Alexander (2023)

September 11th is the date of the key events from which Ardit Sadiku’s documentary portrait Alexander reverberates, as New York migrant Alexander Gruda and his wife Marjana retrace the steps of a loss that has helped define who they are today. Yet Alexander’s 9/11 was not in 2001, but rather back in 1990, when he and small group of fellow Albanians hijacked a warship docked in Shkodra and used it to cross Lake Shkodra to Montenegro under constant heavy fire from men stationed along the coastline. This daring escape would see Alexander and his comrades dubbed ‘terrorists’ by local press, not unlike the men who flew hijacked planes into the Twin Towers – although Alexander’s aim was flight rather than violence, and the only person to be harmed in the incident was Alexander and Marjana’s own five-and-a-half year old daughter Anisa, shot dead by a soldier’s bullet.

Ironies abound here. Alexander’s act of wild derring-do is a plucky triumph tinged with deep tragedy – and given that the repressive Communist regime which Alexander and others were so desperately fleeing would unravel and fall shortly afterwards anyway, this whole heroic escapade comes steeped in its own pointlessness, at least in retrospect – and that pointlessness extends to Anisa’s death. “You left for a better life,” Alexander’s friend Paulin says. “It went as it went. If your daughter was alive, she’d be a mother with children.” Such counterfactuals permeate Sadiku’s documentary, where a fluke of bad timing and improbable trajectory (the bullet that struck Anisa first passed through a hanging portrait of Albania’s late Communist leader Enver Hoxha) led to an entirely unnecessary death and to a different life, even as the same freedoms which the Grudas sought abroad were about to be won back at home. Meanwhile, now settled in New York, Alexander has worked over the last 25 years as a doorman at Trump Parc, and no doubt – although it is never stated in the film – bore witness to that second 9/11, which again would change lives forever and cause harrowing collateral damage.

So while Alexander, like Sadiku’s previous documentary Freestyle to Montenegro (2021), catches up with a man who once miraculously escaped Communist Albania across dangerous waters, it is also concerned with the unpredictable, overwhelming sweep of history, and the individual course that we must all navigate through it. Sadiku tracks Alexander’s return trip to Shkodra to oversee the inauguration of a monument commemorating his daughter’s sacrifice, even as he gets Alexander to retrace his earlier journey in a landscape that has long since changed, politically at least, and also interviews Alexander’s ageing friends and relatives, and fellow escapee Marjan Kola who left for a much less happy life in South Australia, and even the ex-soldier turned Trumpian landlord who seems likely to have fired the artillery that killed Anisa.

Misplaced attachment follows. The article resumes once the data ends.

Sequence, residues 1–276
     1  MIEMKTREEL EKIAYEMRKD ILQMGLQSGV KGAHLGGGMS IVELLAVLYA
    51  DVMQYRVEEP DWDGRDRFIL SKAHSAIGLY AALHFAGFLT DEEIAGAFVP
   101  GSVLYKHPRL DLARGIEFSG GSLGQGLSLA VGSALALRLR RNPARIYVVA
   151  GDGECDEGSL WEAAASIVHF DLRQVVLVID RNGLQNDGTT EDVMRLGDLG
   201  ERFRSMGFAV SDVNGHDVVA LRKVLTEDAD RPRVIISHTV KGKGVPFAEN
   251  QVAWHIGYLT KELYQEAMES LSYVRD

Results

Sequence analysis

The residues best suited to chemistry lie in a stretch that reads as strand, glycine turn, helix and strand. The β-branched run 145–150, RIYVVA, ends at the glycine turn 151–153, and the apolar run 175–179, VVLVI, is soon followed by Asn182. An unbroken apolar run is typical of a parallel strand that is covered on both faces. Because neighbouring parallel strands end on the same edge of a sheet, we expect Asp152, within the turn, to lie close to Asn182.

That fatal bullet was the hard end of a nation’s ideology, not just stopping in its tracks the future that an innocent girl might have had, but permanently scarring her parents. Yet life (to a degree) moves on, history (to a degree) repeats, and like the sign and sculpture recently erected on a clifftop overlooking Lake Skhodra, this film commemorates times and events too easily forgotten, yet still rippling and reechoing in new lives and new worlds. In his globe-trotting adventures, Alexander is like his ‘Great’ namesake, while the ‘sacrifice’ of his daughter to facilitate a boat voyage for others recalls Iphigenia in Aulis – which is to say that this ageing émigré, though an ordinary, utterly unassuming man, was once at the helm of extraordinary, even mythic deeds. Sadiku, however, tells his tale plain and straight, leaving us to discern all the resonances and vagaries of fortune for ourselves. For here, as Alexander reveals its subject’s luck to be all at once good, bad and indifferently dumb, fate proves a messy interchange at the ever-shifting borders between victory and loss.

strap: Ardit Sadiku’s bittersweet documentary retraces the triumph and tragedy of a man’s daring early-Nineties escape from Communist Albania

© Anton Bitel